A) First we had the Florida Legislature rolling back property taxes (to their 2006 level!). However it left the door open for cities to override the rollback by a two third majority vote, which was actually done by a few of them.
Then they put on the January 2008 ballot a package of tax relief which included raising the homestead exemption to 75% of the first $ 200,000 of property value, then 15% on the next$ 300,000. Beneficiaries of "save our homes" would lose that benefit if they opted for the homestead exemption increase. We called that "the poison pill".
B) On October 29, after a judge had thrown out the ballot package, due to its confusing language, and weeks of indecision, the Legislature finally approved a new ballot proposal which consists of:
- Increasing the homestead exemption by $ 25,000, not applicable to school taxes, which would reduce it to a total of $ 40,000 approximately, instead of the present $25,000 exemption? The savings would amount to an average of $ 220 per year said the legislature.
- Establishing the 'portability' of the 'save our homes' protection, up to $ 500,000
- Putting a cap of 10% on yearly increases of assessed value of non homestead and commercial properties.
We called this proposal: the 'drop like a pebble'.
C) At the end of November 2007, a coalition of different group was starting to collect the 611,000 signatures needed to put a new tax reform project on November 2008 ballot.
The new proposal consists mainly of imposing a property tax limit of 1.35% per year on the taxable value of on all properties, including non-homestead and commercial real estate.
It would keep the 'save our home' protection. The sponsors claimed that it would reduce the average tax bill by 26%.
In this proposal, there is no mention of 'portability' of the 'save our homes', no protection against violent raises of property value like those that hit us between 2000 and 2005.
The sponsors called it: 'cut property taxes now' and any owner can add his signature on their website.
D) A new initiative is pending review from the Taxation and Budget Reform Commission.
It would eliminate all
The background of all these proposals is the general opposition of public employees, and local governments to anything that would have any meaningful impact on their spending.
They are actively campaigning with their eternal threats of crippling education and schools, cutting back on police department, ambulances, and fire departments.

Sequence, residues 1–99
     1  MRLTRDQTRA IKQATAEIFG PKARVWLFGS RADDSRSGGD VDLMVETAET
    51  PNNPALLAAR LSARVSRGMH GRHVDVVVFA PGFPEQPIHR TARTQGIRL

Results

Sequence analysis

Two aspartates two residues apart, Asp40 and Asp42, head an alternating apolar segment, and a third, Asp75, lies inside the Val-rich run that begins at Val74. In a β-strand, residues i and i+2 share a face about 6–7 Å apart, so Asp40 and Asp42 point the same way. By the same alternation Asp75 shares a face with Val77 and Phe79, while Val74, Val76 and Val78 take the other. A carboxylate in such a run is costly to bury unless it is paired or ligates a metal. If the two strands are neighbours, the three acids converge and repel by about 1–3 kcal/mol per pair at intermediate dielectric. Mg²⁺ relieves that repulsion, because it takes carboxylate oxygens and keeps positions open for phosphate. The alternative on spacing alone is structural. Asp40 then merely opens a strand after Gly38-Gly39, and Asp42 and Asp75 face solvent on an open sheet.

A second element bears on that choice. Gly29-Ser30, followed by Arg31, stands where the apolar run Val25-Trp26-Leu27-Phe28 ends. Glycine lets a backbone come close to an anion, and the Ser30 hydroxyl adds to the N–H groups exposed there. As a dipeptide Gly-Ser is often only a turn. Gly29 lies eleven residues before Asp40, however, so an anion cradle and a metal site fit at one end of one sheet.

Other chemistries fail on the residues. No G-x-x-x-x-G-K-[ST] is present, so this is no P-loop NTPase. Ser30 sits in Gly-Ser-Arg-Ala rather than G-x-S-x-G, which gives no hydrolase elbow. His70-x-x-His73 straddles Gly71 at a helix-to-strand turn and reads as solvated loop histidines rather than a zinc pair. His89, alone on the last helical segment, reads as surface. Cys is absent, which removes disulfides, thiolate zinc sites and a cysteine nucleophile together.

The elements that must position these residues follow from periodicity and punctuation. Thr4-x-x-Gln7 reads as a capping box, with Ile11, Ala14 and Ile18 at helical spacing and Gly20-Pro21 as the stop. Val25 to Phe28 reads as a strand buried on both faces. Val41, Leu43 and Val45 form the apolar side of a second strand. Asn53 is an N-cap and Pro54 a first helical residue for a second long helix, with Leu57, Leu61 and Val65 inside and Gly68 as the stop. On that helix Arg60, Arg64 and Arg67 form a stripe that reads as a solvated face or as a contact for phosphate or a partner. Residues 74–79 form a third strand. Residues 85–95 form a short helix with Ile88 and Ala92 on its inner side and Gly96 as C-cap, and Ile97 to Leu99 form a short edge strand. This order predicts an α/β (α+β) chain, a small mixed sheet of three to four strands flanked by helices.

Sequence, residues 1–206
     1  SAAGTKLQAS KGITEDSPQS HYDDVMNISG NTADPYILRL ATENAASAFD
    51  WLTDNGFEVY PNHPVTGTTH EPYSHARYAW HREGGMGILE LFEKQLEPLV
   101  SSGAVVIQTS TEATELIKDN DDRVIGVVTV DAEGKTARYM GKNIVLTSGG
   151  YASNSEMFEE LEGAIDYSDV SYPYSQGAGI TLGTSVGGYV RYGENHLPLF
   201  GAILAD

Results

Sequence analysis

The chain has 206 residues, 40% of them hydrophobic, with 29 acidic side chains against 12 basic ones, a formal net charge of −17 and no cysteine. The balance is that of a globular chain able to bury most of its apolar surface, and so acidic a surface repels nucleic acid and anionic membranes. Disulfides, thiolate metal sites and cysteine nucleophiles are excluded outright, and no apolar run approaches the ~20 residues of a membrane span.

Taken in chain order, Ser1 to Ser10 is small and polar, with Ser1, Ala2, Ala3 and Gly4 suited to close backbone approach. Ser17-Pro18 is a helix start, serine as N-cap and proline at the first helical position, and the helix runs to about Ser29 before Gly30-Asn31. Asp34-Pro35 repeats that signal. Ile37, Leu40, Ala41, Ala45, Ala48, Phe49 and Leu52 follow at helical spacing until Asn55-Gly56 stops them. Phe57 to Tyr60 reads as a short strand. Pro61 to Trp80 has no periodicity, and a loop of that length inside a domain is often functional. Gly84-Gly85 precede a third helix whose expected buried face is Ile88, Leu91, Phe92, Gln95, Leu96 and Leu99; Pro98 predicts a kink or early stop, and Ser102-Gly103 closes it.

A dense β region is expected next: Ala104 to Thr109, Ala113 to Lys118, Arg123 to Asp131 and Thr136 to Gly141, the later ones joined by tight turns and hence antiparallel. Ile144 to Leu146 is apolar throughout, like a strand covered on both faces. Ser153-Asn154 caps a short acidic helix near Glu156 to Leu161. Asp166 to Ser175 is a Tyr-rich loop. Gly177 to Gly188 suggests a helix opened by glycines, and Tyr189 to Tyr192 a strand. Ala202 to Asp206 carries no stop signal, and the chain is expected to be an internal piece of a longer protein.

I am not impressed. And I will not buy into their menaces.
It's about the ever-increasing public sector, with its dozens of cities, bureaucracies, police and fire departments, mayors and commissioners, which is a luxury that we can't afford when our education is at the bottom level in the US, our public health problems have not been seriously addressed, and so many people are in the danger of loosing their homes on the wake of sky-high taxes, insurance premiums and mortgages.
One of the main issues that worry them are the retirement pensions of this new-formed social class. These pensions are steadily guzzling their budgets and there are starting to feel the fear of loosing these benefits that are negated to many Floridians.
I will always affirm workers' right to secure their retirement. I will never negate the importance of good police and fire departments. But everything must be done within the reasonable and the possible.
That is the reason why we should address the problem in its deep root. Uncontrolled spending must be stopped and rolled back. Efficiency must be the rule and not the exception. And our local government, as well as our State government must abide by the same belt-tightening measures that they have forced onto a majority of our population.
One of the first steps, in my modest opinion, is the regrouping of city services, and the undoing of this hundred-head bureaucracy that we don't need.
The exercise of swapping and juggling with tax revenues is proving to be a vain purpose. We have to modify our Tax Property system to make it more equitable; encouraging first time buyers, investors and out-of-state buyers, instead of chasing them away. This won't be accomplished without reducing our government expenses to acceptable levels.
We definitely need a reform. We do not need a temporary patch. A big part of
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